Oh, it’s worse that he doesn’t die, because as the subtitle at the end says, “a Sicilian never forgets.” He lives with the fact that he destroyed his child, which is why he was doing it all. Whether we realize it or not, you tend to make your life something that ultimately is going to go on with your children, and if you lose your children, if you lose your child … So many people go through this one way or the other. The death of a child is something that is unlike any other loved person’s death, because the first person who usually dies in your life are your grandparents, and you think of them and you say, “Yeah, I wish I had talked to them more and learned more about what it was like when they were kids, except all I cared about was cars and girls, and so I never did.” You regret it. But with a child, you’re not just losing the child, you’re losing all the things the child would have been and the children they would have had, and … It’s very profound. And what Michael did in his life was terrible. When he does his confession with the Cardinal, I mean, he is truly grieving for his sins. But he has to pay for them, and he does.
What kind of say do you have over what happens to The Godfather?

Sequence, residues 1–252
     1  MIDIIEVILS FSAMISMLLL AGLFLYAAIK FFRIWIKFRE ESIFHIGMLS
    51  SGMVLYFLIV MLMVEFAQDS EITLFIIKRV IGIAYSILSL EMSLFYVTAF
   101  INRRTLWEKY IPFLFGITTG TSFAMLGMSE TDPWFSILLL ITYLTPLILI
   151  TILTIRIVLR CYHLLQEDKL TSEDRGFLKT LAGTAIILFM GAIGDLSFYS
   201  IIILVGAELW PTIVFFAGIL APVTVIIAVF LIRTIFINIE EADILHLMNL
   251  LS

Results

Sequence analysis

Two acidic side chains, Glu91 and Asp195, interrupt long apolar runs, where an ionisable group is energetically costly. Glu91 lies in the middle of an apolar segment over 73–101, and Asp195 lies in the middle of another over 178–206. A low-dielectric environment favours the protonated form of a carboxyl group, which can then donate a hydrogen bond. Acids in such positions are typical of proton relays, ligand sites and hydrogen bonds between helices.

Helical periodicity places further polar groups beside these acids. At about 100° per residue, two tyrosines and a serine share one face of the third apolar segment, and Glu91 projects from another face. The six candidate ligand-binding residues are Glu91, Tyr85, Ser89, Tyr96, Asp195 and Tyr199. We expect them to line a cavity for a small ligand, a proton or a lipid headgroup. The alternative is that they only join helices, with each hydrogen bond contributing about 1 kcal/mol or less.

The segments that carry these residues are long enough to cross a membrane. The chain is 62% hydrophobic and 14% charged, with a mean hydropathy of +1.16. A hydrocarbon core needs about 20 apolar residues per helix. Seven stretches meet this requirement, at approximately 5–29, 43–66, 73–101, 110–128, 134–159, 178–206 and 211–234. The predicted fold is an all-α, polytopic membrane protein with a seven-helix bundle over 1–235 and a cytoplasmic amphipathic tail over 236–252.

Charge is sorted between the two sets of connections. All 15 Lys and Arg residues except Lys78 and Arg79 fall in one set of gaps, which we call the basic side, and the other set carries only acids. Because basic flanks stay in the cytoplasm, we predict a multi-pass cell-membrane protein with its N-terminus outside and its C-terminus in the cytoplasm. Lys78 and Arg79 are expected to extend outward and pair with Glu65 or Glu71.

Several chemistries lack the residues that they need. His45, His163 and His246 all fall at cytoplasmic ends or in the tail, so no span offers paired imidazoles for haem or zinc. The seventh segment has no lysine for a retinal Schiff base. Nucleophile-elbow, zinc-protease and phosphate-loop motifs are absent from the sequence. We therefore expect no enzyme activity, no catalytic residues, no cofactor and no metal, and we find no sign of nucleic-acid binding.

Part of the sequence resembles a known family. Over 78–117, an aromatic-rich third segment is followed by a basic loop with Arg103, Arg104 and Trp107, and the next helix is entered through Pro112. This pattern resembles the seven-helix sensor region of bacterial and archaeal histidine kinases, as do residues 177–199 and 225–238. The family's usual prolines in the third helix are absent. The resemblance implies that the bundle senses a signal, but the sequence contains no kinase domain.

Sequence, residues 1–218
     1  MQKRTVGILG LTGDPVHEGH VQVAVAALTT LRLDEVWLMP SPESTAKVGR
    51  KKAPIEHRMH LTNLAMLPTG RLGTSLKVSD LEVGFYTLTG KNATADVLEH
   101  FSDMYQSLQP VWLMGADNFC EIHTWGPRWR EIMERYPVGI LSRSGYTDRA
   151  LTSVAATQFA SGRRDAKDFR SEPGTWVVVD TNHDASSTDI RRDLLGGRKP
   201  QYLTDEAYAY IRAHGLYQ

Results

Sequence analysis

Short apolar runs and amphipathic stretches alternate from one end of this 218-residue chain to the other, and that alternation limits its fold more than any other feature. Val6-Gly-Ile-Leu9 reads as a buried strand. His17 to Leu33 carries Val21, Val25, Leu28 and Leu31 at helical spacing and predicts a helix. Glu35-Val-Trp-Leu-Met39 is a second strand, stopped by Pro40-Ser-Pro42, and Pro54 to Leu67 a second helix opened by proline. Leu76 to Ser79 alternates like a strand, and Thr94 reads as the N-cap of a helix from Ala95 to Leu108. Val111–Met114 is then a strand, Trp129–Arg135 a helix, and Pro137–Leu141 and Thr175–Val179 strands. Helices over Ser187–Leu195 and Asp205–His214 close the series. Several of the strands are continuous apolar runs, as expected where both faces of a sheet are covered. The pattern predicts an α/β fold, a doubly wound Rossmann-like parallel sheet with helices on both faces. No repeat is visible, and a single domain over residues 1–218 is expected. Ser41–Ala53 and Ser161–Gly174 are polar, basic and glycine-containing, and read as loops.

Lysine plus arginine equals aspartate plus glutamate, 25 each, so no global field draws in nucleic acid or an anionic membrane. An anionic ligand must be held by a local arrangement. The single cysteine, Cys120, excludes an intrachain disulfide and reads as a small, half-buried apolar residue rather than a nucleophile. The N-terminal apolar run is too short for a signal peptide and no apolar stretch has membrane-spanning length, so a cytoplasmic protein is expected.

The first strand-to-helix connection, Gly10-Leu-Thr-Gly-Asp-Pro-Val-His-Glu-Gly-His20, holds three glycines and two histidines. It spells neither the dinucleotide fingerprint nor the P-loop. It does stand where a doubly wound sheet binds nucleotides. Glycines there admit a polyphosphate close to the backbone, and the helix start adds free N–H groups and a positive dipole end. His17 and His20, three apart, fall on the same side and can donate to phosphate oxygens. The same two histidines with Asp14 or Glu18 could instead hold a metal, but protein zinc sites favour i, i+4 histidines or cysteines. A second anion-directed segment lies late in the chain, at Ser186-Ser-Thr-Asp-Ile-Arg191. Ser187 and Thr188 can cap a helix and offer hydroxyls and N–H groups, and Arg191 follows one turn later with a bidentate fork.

I have no say, really. Paramount owns it. Obviously, they are interested in me endorsing what they do with it, but they’ve done some things that I didn’t … They made a terrible video game out of it. And they’re making a television series. It’s theirs. It’s not mine. I’ve always tried, even, to always recognize that it’s substantially Mario Puzo’s.
I guess they’re making a TV series about the making of The Godfather, which sounds interesting. Oscar Isaac is going to play you. This is something that you have no say in?
Well, there are two. The one with Oscar Isaac playing, essentially, a character like me is being directed by Barry Levinson, and that has nothing to do with Paramount. My attitude is that Barry Levinson has made all kinds of wonderful films. I’m lucky that it’s him and not someone else. One thing I heard about Barry’s script is that my character curses a lot. I rarely curse, especially in front of ladies. In fact, if I do for any reason, I give any lady present a dollar for each curse word.
Paramount’s making another one that’s based on the book that the producer Al Ruddy wrote. He was more involved with the negotiations with the so-called mob, and he wasn’t on the set as much. It was really Bob Evans and Bob Evans’s executives who were given the job to harass me and make my life miserable. [Laughs]